No matter how hard a kennel or shelter tries, dogs that reside there acquire the very potent “Eau de Dog” scent, so as soon as we got her home, we popped Tyra into a bathtub, and washed her. From then until the day that she died, that dog never put a foot onto the tile portion of a bathroom in any house we resided in. Apparently, we had inadvertently scarred her for life!

Every dog has a unique personality, and Tyra’s outstanding characteristic was her eagerness to please – not in the goofy, sloppy, wonderful way a lab does, as if his whole world revolves around that instant in time his owner asks him to do something , but in her own quiet, determined way.  She had been left at the kennel by her first family because they had a baby and no longer had time for her.   I always had the impression that she was determined that would never happen again.  Of course, she couldn’t know at first that our family has one firm rule about adoptions of any animal, canine or human – once you’re a member of the pack, you’re always a member of the pack – but I suspect she caught on after a while.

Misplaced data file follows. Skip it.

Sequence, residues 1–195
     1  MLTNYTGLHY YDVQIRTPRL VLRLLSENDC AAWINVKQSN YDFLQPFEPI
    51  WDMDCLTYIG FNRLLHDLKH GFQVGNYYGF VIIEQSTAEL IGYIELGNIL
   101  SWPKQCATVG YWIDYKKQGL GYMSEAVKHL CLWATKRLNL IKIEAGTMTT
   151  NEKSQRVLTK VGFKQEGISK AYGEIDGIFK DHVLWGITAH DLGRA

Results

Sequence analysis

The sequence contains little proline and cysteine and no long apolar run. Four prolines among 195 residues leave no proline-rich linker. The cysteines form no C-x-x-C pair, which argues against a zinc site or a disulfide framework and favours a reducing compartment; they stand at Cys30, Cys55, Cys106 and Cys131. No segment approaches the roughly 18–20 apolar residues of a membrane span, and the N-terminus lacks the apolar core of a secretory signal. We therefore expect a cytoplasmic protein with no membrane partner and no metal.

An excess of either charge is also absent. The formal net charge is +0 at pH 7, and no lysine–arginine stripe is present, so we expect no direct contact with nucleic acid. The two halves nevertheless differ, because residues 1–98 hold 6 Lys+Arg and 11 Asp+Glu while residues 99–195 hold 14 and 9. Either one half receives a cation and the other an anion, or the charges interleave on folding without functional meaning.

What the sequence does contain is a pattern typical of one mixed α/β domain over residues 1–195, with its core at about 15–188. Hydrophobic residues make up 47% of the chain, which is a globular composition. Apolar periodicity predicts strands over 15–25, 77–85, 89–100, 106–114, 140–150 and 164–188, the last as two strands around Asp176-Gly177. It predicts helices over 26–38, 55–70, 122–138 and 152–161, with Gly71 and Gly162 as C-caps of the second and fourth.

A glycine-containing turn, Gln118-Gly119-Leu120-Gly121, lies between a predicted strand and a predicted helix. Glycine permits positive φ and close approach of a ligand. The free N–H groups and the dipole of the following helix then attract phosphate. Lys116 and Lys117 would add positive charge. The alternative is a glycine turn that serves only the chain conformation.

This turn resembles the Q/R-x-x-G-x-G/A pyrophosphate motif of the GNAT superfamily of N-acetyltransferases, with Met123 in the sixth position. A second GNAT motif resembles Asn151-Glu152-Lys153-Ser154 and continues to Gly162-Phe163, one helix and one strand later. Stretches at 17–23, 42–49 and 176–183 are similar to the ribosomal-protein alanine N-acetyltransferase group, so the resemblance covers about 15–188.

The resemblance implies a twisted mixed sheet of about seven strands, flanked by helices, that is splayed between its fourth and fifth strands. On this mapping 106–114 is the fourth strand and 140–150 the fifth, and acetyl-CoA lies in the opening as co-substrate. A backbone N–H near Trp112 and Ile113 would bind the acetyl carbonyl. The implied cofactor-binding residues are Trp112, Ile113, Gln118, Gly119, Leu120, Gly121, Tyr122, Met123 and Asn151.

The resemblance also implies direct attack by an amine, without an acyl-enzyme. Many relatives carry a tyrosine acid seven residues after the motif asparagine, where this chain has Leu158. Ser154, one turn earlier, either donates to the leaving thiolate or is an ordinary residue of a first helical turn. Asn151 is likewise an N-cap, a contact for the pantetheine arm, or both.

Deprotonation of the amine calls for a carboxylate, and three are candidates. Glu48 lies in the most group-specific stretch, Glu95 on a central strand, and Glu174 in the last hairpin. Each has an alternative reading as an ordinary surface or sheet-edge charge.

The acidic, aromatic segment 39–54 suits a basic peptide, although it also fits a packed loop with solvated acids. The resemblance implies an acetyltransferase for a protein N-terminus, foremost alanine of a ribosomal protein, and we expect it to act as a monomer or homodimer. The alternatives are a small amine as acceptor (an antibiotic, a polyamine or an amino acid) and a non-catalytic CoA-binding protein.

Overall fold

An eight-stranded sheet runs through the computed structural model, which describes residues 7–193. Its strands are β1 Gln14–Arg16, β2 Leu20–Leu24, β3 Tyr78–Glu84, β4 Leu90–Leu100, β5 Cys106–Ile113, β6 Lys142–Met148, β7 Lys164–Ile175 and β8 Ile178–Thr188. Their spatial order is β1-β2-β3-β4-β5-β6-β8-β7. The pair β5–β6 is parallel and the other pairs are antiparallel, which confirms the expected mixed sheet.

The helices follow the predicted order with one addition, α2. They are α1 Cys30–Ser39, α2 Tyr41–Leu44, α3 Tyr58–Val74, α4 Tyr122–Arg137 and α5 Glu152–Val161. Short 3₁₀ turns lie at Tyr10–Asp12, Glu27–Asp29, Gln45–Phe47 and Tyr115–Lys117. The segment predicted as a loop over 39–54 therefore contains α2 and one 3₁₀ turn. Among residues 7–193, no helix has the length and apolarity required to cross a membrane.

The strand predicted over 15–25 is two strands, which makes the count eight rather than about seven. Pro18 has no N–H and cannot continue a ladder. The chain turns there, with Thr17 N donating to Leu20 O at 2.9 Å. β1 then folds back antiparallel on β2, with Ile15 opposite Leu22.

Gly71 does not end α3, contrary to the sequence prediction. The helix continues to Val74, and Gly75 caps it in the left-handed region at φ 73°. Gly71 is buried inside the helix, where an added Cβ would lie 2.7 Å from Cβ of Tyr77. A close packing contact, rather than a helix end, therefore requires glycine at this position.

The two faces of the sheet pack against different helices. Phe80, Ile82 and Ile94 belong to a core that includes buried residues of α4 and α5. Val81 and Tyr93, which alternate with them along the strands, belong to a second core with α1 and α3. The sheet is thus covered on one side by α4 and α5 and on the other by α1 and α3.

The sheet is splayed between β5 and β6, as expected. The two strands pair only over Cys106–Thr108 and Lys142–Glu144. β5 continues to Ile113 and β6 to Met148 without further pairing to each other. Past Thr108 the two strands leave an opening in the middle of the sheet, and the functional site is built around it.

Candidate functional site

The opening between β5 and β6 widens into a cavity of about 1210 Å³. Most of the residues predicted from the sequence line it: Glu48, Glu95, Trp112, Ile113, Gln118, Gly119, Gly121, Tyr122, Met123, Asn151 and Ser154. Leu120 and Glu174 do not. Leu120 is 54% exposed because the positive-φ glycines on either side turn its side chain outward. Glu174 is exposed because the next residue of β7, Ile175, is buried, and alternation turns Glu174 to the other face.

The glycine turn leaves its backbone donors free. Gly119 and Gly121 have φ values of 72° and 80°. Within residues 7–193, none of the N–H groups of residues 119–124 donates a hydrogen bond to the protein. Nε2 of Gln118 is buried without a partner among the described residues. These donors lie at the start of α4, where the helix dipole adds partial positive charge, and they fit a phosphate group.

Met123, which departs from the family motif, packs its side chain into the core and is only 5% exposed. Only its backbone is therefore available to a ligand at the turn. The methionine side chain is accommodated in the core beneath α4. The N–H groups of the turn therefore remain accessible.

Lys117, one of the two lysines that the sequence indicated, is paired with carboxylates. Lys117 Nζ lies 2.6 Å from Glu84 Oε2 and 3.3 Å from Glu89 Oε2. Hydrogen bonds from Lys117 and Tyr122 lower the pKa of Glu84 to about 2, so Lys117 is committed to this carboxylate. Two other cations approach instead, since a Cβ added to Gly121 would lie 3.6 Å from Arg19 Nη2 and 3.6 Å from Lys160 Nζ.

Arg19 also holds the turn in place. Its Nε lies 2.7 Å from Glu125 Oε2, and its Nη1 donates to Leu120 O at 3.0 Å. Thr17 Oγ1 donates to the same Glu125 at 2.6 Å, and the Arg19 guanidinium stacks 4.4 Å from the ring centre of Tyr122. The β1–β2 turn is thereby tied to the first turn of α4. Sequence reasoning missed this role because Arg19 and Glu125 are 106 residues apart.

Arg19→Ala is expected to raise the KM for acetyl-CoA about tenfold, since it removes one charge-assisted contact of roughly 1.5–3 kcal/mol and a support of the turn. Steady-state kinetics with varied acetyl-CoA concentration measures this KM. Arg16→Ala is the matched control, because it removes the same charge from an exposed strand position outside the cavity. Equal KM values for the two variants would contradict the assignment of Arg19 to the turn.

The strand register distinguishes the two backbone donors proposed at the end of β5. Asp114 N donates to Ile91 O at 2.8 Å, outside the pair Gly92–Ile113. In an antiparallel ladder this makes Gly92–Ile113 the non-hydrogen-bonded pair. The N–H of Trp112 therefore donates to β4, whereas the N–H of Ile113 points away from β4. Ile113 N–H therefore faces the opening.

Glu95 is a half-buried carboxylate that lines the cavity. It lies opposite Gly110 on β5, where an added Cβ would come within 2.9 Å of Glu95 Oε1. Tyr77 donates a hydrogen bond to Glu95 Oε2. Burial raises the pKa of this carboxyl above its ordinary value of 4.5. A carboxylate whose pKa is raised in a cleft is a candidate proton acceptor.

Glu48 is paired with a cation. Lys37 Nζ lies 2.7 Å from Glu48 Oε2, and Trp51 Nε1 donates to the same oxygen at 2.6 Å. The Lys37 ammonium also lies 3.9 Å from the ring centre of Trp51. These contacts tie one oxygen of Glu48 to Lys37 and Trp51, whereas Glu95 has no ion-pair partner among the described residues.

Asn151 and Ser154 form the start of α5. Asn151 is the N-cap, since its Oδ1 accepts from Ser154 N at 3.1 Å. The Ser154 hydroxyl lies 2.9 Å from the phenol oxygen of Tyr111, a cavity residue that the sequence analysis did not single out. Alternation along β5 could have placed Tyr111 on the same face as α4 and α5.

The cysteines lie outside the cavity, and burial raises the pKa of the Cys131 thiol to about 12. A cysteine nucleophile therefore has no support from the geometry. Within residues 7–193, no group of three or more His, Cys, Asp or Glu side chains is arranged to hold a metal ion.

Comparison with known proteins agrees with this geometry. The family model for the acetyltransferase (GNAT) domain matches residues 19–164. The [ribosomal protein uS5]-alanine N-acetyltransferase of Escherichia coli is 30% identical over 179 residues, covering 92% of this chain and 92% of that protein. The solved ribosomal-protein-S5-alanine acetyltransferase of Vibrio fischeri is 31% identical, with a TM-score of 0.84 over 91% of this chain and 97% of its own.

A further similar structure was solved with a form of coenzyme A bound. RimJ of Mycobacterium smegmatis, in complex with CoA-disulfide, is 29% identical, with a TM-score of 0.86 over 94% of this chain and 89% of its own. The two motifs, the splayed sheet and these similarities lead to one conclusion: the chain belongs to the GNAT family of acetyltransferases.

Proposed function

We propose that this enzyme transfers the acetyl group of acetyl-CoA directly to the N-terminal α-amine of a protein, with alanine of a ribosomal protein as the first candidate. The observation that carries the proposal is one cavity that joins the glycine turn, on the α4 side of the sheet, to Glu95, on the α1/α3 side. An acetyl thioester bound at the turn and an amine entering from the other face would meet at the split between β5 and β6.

She adapted quickly and well, as this picture from that first summer show.

Dog, photograph, sleeping in the s

Tyra in the back yard in Montgomery

Even better, Woof regained the ability to sleep in the sun and be happy even when Mark and I weren’t in the yard.

Dog, Sleeping in the Sun, Old Dog

Woof in the Back Yard When Tyra was There

We didn’t know it at the time we adopted Tyra, but she was not going to be the only new member of our family that year. In mid-November, at long last, the people at the Alabama DHR told us that they had a child they would like us to consider taking in as a foster child, with hopes that we could adopt her eventually. By December 1, 2004, Kayla had come to live with us. Here is a picture of all five us right about then:

Family Photo

Family Photo

We all had new experiences to share that winter, including the dogs experiencing the joys of having a child on the floor with her Dad and a bunch of Lincoln Log train tracks.

Dogs, Child, Play

Train Tracks, Family and Paws